This article was originally published on Oasis.
During a work-related trip to a refugee camp in West Africa, Songyi Lee saw how people had no proper way to transfer money besides wrapping cash in plastic bags and handing them to each other. That experience inspired her to build an application for individuals to transfer bitcoins via SMS, making it possible to perform asset exchange on a 2G network.
That blockchain business introduced her to the startup space in Silicon Valley and Asia. She received help from local tech communities, but also learned harsh lessons about fundraising, team management, and hiring. “Even if we hear a lot of success stories about entrepreneurs, there are a lot more failures,” Lee told Oasis.
Hoping to strengthen the sense of community and introduce a higher degree of diversity in startup investment, Songyi co-founded Impact Collective in 2019. By gathering industry experts and practitioners on their platform, Impact Collective lets everyone vote for the startups they believe in, and at the end of each year’s program, the firm invests in those with the most votes.
This year, Impact Collective selected 45 startups from 13 countries to join its ten-week virtual screening program, during which representatives from the startups chat and connect with community members. At the end of the program, the top ten teams with the most votes will receive investments up to USD 500,000.
Recently, Lee spoke with Oasis about her reason behind founding Impact Collective, as well as how she balances and weighs the variety of voices within the community.
The following interview has been edited and consolidated for brevity and clarity.
Oasis (OS): What’s the story behind Impact Collective?
Songyi Lee (SL): We are a community-driven accelerator and investment program that incorporates diversity and empowers collective intelligence in startup investment. Impact Collective is the first organization of its kind. We believe in the benefits of equal representation in communities, so we focused on introducing diverse opinions and perspectives into our decision-making process.
In addition to creating value for entrepreneurs, it also benefits investors, as they can utilize their combined expertise to make informed choices to identify startups that have the most potential for success.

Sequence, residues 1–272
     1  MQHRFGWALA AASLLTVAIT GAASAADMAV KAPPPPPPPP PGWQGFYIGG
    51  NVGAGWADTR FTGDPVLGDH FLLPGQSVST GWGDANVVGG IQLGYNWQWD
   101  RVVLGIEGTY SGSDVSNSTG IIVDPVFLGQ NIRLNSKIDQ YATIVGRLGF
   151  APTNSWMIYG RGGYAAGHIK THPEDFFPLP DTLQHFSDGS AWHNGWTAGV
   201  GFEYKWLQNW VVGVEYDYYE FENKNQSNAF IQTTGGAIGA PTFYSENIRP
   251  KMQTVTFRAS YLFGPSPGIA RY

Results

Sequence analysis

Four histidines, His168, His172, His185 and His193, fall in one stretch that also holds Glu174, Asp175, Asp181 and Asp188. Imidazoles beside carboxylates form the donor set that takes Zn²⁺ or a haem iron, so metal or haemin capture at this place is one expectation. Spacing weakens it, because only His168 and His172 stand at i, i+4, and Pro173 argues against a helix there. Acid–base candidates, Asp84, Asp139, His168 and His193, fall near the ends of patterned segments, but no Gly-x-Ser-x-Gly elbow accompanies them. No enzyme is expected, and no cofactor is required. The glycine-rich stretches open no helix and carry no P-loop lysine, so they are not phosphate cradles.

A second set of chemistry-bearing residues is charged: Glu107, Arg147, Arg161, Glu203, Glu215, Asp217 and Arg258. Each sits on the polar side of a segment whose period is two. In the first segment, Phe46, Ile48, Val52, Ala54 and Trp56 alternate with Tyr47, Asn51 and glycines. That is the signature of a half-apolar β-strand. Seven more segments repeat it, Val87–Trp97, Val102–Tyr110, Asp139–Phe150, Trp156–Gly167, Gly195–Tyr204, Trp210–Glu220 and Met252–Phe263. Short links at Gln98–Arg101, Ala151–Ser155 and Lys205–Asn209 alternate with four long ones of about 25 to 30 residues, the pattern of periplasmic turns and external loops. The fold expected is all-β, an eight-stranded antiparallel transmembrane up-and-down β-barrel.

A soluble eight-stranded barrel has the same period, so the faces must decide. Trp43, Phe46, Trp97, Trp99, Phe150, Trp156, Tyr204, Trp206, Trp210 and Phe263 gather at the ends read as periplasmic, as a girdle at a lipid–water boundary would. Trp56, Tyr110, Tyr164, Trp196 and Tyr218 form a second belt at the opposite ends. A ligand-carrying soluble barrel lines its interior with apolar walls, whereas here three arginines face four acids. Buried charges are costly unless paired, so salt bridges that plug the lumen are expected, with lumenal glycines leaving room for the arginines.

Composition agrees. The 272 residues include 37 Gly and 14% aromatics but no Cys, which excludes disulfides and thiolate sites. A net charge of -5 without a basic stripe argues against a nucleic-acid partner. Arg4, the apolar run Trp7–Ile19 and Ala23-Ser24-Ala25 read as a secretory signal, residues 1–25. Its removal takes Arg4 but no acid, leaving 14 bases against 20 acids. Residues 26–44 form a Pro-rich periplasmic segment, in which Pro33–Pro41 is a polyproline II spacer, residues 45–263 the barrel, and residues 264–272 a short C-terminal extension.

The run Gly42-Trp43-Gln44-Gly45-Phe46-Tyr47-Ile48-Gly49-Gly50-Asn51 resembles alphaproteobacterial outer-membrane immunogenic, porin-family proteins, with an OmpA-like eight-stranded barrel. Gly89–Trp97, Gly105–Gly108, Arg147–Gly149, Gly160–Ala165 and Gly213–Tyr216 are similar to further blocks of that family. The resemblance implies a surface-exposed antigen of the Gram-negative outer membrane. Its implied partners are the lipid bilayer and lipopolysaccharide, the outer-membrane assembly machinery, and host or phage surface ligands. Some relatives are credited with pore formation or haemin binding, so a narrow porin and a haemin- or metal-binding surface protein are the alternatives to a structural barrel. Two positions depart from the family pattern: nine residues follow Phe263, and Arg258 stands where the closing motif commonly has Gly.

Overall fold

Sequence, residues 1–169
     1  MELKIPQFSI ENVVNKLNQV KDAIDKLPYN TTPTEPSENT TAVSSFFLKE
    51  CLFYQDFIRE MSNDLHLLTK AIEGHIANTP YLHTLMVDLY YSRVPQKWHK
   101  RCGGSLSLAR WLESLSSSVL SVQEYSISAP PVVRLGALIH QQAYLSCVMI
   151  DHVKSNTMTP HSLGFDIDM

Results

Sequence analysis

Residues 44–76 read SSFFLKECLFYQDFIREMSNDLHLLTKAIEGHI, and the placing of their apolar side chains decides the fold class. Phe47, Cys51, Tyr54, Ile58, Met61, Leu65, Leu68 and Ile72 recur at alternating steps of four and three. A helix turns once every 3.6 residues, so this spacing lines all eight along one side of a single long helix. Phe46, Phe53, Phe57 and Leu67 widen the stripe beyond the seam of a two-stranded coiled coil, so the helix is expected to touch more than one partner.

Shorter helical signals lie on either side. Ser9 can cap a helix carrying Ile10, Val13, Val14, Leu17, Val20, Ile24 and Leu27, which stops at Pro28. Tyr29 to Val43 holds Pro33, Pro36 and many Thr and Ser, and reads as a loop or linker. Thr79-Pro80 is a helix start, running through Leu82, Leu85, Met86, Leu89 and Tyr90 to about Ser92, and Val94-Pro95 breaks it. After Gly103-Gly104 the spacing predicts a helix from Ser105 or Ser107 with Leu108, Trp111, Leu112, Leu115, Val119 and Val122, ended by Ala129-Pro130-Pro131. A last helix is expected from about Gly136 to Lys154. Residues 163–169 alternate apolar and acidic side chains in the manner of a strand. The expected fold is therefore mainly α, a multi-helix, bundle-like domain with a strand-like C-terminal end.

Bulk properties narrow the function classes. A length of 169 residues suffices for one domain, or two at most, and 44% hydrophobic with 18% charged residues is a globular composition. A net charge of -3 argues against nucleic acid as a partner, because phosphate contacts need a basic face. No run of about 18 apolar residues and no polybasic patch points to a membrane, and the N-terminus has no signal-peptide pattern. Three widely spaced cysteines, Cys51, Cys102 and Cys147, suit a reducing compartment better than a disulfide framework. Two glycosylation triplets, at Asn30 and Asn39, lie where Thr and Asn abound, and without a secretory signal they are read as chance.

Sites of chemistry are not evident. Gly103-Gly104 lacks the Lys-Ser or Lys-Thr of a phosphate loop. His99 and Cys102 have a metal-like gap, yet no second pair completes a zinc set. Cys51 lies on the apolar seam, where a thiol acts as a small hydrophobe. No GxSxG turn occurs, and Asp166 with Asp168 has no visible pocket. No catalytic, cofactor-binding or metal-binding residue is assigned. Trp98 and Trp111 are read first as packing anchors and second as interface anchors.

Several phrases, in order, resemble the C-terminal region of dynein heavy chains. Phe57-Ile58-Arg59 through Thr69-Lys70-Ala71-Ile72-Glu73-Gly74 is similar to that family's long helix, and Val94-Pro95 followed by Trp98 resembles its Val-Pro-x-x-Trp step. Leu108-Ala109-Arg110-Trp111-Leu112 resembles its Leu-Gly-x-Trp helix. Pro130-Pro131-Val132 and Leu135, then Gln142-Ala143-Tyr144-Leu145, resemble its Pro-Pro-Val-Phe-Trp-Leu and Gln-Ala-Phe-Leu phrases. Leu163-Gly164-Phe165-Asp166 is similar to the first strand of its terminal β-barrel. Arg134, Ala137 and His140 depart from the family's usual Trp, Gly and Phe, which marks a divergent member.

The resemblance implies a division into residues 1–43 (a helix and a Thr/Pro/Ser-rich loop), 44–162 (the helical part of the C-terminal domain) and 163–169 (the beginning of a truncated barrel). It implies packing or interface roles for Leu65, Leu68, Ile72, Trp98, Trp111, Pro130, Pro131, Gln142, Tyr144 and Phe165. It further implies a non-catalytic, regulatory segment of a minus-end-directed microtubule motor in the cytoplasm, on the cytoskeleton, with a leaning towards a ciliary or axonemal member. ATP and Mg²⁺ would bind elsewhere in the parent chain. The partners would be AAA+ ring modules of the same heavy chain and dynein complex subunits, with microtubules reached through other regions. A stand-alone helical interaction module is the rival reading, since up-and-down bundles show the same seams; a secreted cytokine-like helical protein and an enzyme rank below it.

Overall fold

We created Impact Collective to be accessible to societies and communities around the globe without being limited to a specific area or market. We don’t know what the future holds for us, but we have faith in our team, and we’re enjoying our experiment so far.
OS: How many voters do you have?
SL: We have two groups of voters—experts and community voters.
We give slightly more weight to the experts’ votes, who now number around 70. With that said, we have many more community voters this year—between 200 and 300.
OS: As the saying goes, too many cooks spoil the broth. Impact Collective has more than 70 experts, over 200 community voters, so how do you make sure the decision-making process runs smoothly and fairly?
SL: First of all, we assign different weights to each type of vote. An expert’s voice undoubtedly has more power than a community vote. Because of that, we select our experts through a strict screening process to ensure that we can trust them and their decisions.
Secondly, we consider this endeavor to be an experiment, which means there is no guarantee for what will happen in the future, so we will see how the program evolves as time goes by.
OS: You issue tokens to the voters as well as the startups participating in the program. Tell us about how they work.
SL: Many communities fail because there are not enough rewards. Members put in a lot of their effort, time, and energy, but they don’t get much out of the experience. Another difficulty is in actively engaging members to encourage interactions with each other.
For us, the tokens are a way to address those issues. We have two tokens currently in use. The first is a voting token, which we give to experts and community voters to vote for the startup teams they believe in the most. To gain more votes, the teams are incentivized to interact with the community more proactively and nurture relationships.
The other token is the “thanks token,” which all startups participating in the program will receive. They can dispatch them to any community members to show gratitude. When the startup exits from a fund or gets bought out, members with the token can redeem funds from Impact Collective.
Normally, when a startup or founder exits their companies or launches an IPO, the shareholders receive direct benefits. But there might be others behind their success that they want to thank. The “thanks token” is our solution to help other contributors to get their share of the startup’s success.
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